Making Borsch, Ukraine

I arrived back in southern Ukraine on a warm evening, pulling up outside the address I had been given on the outskirts of the city. I was relieved to get out and stretch after the eight hour drive, and breathe in the warm air which was sweet with the smell of summer gardens. The house where the NGO was now based was in a quiet, dusty cul-de-sac, and over the fence I could see a large block with several fruit trees and a sprawling grape vine. The gate opened and my friends appeared, giving me a warm welcome. Over a bar-be-que we caught up with each other’s recent adventures, and I met a Ukrainian volunteer, who I will call Alex, who had recently joined the team.

The following day, the rest of the crew had a well-earned day off. I was in the kitchen when Alex appeared, opened the fridge, and said: ‘I have some pork here…I think it is enough to make some borsch. Do you like borsch?’ I told him I did, and he suggested we would should make some together. Always up for a little cultural exchange, I promptly agreed.

For those unfamiliar with borsch, it is a traditional Ukrainian soup, full of goodies and perfect for avoiding freezing to death during the Ukrainian winter. Like most traditional fare, borsch recipes are rather varied, however the inclusion of cabbage is non-negotiable.

Alex put the pork piece (leg, bone in) on a slow boil, then we headed to the supermarket for a few ingredients we didn’t already have in the house. As part of my wholistic learning experience, Alex taught me the Ukrainian names of each of the vegetables required, and encouraged me to order half a kilo of chicken thighs from the deli in Ukrainian. Ukrainian people are very supportive of foreigners who try and learn a little of their language, and the girl at the deli was very patient with my stilted delivery and dodgy pronunciation. Armed with our borsch components, we headed home to start cooking.

Under Alex’s direction and watchful eye, I began to prep the veggies. First, I carefully washed and peeled the carrots, potatoes, and beetroot.

Remember how I said that borsch recipes are pretty flexible? Well, along with cabbage, beetroot is also an essential component of borsch. Except when it isn’t.

There’s your fresh Ukrainian produce. Right there.

Next, I grated the carrot and beetroot, finely chopped an onion, and cut the potato into cubes. While Alex added the chicken thighs to the pork that was boiling away in the pot, I was directed to fry the onion in a little oil. Next, the carrot and beetroot were added to the frying pan, along with a teaspoon of apple cider vinegar. Alex told me the vinegar helps to keep the colour from running out of the carrots and beetroot, and gives a nice tang to the soup.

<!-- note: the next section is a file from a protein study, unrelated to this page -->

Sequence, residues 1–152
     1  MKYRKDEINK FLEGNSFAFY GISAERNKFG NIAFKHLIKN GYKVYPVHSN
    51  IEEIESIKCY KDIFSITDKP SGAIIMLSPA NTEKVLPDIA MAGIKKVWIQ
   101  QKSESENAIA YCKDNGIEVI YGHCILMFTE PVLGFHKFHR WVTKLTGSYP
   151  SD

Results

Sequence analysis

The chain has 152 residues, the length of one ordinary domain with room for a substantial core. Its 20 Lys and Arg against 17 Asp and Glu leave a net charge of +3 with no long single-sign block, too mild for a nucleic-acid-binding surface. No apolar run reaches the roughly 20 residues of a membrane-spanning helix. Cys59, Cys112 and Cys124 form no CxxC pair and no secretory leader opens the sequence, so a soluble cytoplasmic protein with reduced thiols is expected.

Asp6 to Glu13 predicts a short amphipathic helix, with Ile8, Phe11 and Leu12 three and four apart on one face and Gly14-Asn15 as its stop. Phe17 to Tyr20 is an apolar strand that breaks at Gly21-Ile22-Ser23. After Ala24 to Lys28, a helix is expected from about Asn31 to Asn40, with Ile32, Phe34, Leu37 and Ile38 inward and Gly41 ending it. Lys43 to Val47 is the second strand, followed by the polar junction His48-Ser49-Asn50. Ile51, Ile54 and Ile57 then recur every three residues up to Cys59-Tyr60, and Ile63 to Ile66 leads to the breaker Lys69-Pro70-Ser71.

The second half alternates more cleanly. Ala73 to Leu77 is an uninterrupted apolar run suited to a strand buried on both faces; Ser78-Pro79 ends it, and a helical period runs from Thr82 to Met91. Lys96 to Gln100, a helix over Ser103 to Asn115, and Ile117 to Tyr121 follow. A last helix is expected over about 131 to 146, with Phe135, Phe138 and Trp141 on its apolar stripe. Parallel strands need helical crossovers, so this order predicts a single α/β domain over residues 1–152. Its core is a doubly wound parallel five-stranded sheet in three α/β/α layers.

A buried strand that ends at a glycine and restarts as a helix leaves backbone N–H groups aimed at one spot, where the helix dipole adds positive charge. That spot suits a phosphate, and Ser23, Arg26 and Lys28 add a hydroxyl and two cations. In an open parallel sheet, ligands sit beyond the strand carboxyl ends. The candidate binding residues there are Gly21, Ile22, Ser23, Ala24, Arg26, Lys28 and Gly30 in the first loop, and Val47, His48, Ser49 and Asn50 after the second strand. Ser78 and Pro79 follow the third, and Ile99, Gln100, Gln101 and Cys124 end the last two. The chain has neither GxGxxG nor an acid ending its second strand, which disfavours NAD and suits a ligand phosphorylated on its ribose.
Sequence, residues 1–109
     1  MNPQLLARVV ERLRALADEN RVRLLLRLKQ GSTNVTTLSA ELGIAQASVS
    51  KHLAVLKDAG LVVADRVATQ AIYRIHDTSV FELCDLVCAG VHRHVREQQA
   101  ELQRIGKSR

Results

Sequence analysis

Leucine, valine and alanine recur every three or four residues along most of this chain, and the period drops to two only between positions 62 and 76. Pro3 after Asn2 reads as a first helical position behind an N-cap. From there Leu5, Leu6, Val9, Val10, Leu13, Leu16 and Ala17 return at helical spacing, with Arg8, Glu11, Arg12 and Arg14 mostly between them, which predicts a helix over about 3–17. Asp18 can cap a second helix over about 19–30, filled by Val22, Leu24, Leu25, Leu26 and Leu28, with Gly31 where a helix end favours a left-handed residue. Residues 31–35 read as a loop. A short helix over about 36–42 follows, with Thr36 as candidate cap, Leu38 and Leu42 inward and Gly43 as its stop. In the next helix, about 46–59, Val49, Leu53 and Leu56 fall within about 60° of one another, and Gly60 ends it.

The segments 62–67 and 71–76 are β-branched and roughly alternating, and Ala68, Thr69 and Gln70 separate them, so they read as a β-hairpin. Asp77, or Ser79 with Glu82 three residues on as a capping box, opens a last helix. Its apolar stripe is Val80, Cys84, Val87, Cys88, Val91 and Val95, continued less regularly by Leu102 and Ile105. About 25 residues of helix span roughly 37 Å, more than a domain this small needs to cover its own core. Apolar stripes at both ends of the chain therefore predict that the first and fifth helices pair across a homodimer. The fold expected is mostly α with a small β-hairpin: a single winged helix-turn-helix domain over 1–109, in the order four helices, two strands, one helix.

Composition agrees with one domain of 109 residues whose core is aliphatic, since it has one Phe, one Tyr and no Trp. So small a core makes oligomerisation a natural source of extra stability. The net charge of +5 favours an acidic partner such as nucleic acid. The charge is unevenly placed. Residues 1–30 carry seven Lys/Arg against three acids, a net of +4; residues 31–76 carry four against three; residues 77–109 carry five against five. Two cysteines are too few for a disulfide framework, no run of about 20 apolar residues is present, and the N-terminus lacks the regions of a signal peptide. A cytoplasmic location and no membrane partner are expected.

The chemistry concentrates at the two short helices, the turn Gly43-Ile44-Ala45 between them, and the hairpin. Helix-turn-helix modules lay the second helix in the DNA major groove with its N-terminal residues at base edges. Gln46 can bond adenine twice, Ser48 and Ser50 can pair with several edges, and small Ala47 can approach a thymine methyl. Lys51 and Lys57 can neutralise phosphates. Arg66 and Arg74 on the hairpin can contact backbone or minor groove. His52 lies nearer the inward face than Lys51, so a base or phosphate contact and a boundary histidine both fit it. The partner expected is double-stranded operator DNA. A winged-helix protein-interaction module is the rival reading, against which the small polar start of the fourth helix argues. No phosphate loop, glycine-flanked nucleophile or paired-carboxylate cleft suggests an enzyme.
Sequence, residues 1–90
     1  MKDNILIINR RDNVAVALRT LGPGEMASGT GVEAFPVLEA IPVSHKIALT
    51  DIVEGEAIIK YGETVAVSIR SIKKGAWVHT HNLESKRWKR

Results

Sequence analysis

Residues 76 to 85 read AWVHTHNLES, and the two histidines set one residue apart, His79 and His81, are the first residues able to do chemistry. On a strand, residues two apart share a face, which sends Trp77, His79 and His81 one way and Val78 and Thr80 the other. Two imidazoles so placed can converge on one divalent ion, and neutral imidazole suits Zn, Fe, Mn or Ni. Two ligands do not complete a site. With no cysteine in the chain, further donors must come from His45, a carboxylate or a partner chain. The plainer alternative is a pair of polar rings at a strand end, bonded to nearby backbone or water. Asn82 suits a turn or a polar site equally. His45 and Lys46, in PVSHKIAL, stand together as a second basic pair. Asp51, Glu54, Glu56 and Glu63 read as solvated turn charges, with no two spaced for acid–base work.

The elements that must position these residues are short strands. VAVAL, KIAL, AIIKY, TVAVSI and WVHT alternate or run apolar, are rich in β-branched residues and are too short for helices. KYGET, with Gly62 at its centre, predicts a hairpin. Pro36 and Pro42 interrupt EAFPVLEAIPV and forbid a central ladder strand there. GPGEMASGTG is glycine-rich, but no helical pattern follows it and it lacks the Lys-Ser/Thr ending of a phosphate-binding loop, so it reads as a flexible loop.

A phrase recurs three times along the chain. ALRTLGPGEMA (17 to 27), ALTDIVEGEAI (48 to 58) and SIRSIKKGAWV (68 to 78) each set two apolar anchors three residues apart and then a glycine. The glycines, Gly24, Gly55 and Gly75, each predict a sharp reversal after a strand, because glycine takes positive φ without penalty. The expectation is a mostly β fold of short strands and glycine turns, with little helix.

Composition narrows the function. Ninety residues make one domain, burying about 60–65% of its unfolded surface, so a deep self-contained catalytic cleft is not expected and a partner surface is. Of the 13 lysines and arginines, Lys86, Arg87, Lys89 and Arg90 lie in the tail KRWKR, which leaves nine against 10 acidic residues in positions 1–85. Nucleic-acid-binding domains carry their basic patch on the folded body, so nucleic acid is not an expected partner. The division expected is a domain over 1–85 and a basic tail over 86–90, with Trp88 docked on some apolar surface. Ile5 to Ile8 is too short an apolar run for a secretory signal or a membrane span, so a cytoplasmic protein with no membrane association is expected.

After the carrot and beetroot had been frying for a few minutes, we added a small amount of tomato paste to the frying pan. A little hot water to thin the consistency and this component of the borsch was ready.

How’s the colour?

I then sliced the cabbage while Alex took the meat from the pot. The pork was removed from the bone, and cut into small pieces along with the chicken. The water that was used to boil the meat provides the stock for the soup, and now it was time to start combining the ingredients. We added the potatoes to the stock, and let it simmer until they were were cooked (but still firm). Then the contents of the frying pan, the cabbage, a pinch of salt, and the job was done. I have to say, it looked and smelt great!

Just like Barbusa (grandma) used to make

Alex explained that the borsch had to sit for twenty minutes before we served it, so in the meantime we peeled some garlic, and grabbed the rye bread we had brought to go with the soup. From the fridge we retrieved the quintessential borsch condiment: sour cream. Alex also thinly sliced up some cured pork fat, which is a Ukrainian delicacy.

After waiting impatiently for the twenty minutes to elapse, we served the borsch. It was delicious. Despite it being about 34 degrees outside, we slurped away contentedly at the hot soup, and munched on the bread and raw garlic. (The first time I tried borsch was in an empty restaurant in an empty hotel, and it came with a side-serve of raw onion. At the time, I honestly didn’t know what to do with it.)

That’s what made this country great

Making borsch with Alex was a great way to get to know my new Ukrainian workmate. And I reckon this flavoursome and filling Ukrainian soup will be back on the menu again pretty soon.

If you liked this post, you may also like Podcast Episode 5. Chicken Kyiv, NorthMacedonian Cuisine

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